Dec 05 , 2019
Bats, which are called and thought of as creepy, scary, and spooky, often get a bad rap. They’re an important species that impact our daily lives in ways we might not even realize. From pollinating our favorite fruits to eating pesky insects to inspiring medical marvels, bats are heroes of the night.
There are over 1,300 species of bats worldwide. Bats can be found on nearly every part of the planet except in extreme deserts and polar regions. The difference in size and shape are equally impressive. Bats range in size from the Kitti’s hog-nosed bat (also called the Bumblebee Bat) that weighs less than a penny—making it the world’s smallest mammal—to the flying foxes, which can have a wingspan of up to six feet. The U.S. and Canada are home to about 45 species of bats and additional species are found in the U.S. territories in the Pacific and Caribbean.
Not all bats hibernate. Even though bears and bats are the two most well-known hibernators, not all bats spend their winter in caves. Some bat species like the spotted bat survive by migrating in search of food to warmer areas when it gets chilly.
Bats have few natural predators—disease is one of the biggest threat. Owls, hawks, and snakes eat bats, buy that’s nothing compared to the millions of bats dying from White-Nose Syndrome. The disease—named for a white fungus on the muzzle and wings of bats—affects hibernating bats and has been detected in 31 states and five Canadian provinces. More than 6.5 million bats have died so far from White-Nose Syndrome and scientists are working hard to better understand the disease.
Without bats, say goodbye to bananas, avocados, and mangoes. Over 300 species of fruit depend on bats for pollination. Bats help spread seeds for nuts, figs, and cacao. Without bats, we also wouldn’t have plants like agave or the saguaro cactus.
Night insects have the most to fear from bats. Each night, bats can eat their body weight or more in insects, numbering in the thousands. And because bats eat so many insects—which have exoskeletons made of shinny material called chitin—some bat poop sparkles. This insect-heavy diet helps foresters and farmers protect their crops from pests.
Bats are the only flying mammal. While the flying squirrel can only glide for short distances, bats are true fliers. A bat’s wing resembles a modified human hand—imagine the skin between your fingers larger, thinner, and stretched. This flexible skin membrane that extends between each long finger bone and many movable joints make bats agile fliers.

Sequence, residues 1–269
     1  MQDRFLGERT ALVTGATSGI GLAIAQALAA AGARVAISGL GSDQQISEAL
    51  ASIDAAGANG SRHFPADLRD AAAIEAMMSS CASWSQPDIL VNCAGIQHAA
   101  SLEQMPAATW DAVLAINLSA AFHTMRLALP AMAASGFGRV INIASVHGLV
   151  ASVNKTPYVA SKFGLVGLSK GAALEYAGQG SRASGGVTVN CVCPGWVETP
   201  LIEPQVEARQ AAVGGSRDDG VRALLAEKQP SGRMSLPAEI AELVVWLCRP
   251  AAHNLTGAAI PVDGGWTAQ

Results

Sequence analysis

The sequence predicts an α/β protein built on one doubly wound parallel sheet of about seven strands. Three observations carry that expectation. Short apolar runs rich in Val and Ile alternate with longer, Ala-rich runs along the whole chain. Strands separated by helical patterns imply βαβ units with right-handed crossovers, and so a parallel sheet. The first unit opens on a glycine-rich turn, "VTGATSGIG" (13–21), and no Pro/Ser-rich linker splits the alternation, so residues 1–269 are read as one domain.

Bats may be small, but they’re fast little creatures. How fast a bat flies depends on the species, but they can reach speeds over 100 miles per hour according to new research.
Conservation efforts are helping bat species recover. At least 13 types of U.S. bats are endangered, and more are threatened. These amazing animals face a multitude of threats including habitat loss and disease. A unique international conservation partnership in the southwestern U.S. and Mexico has been working to help one species, the lesser long-nose bat, recover to the point it can now be removed from the Endangered Species list. In 1988, there were thought to be fewer than 1,000 bats at the 14 known roosts range wide. There are now an estimated 200,000 bats at 75 roosts.
The longest-living bat is 41 years old. It’s said that the smaller the animal, the shorter its lifespan, but bats break that rule of longevity. Although most bats live less than 20 years in the wild, scientists have documented six species that live more than 30 years. In 2006, a tiny bat from Siberia set the world record at 41 years.
Like cats, bats clean themselves. Far from being dirty, bats spend a lot of time grooming themselves. Some, like the Colonial bat, even groom each other. Besides having sleek fur, cleaning also helps control parasites.
Baby bats are called pups, and a group of bats is called a colony. Like other mammals, mother bats feed their pups breastmilk, not insects. While bats only give birth to one baby per year, momma bats form nursery colonies in spring in caves, dead trees, and rock crevices.
Bats are inspiring medical marvels. About 80 medicines come from plants that rely on bats for their survival. While bats are not blind, studying how bats use echolocation has helped scientists develop navigational aids for the blind. Research on bats has also led to advances in vaccines.
Bats use echolocation. As stated above, bats are not blind—so the old saying of “blind as a bat” really doesn’t hold up. Bats use echolocation to navigate and find food in the dark. To echolocate, bats send out sound waves from the mouth or nose. When the sound waves hit an object they produce echoes. The echo bounces off the object and returns to the bats’ ears.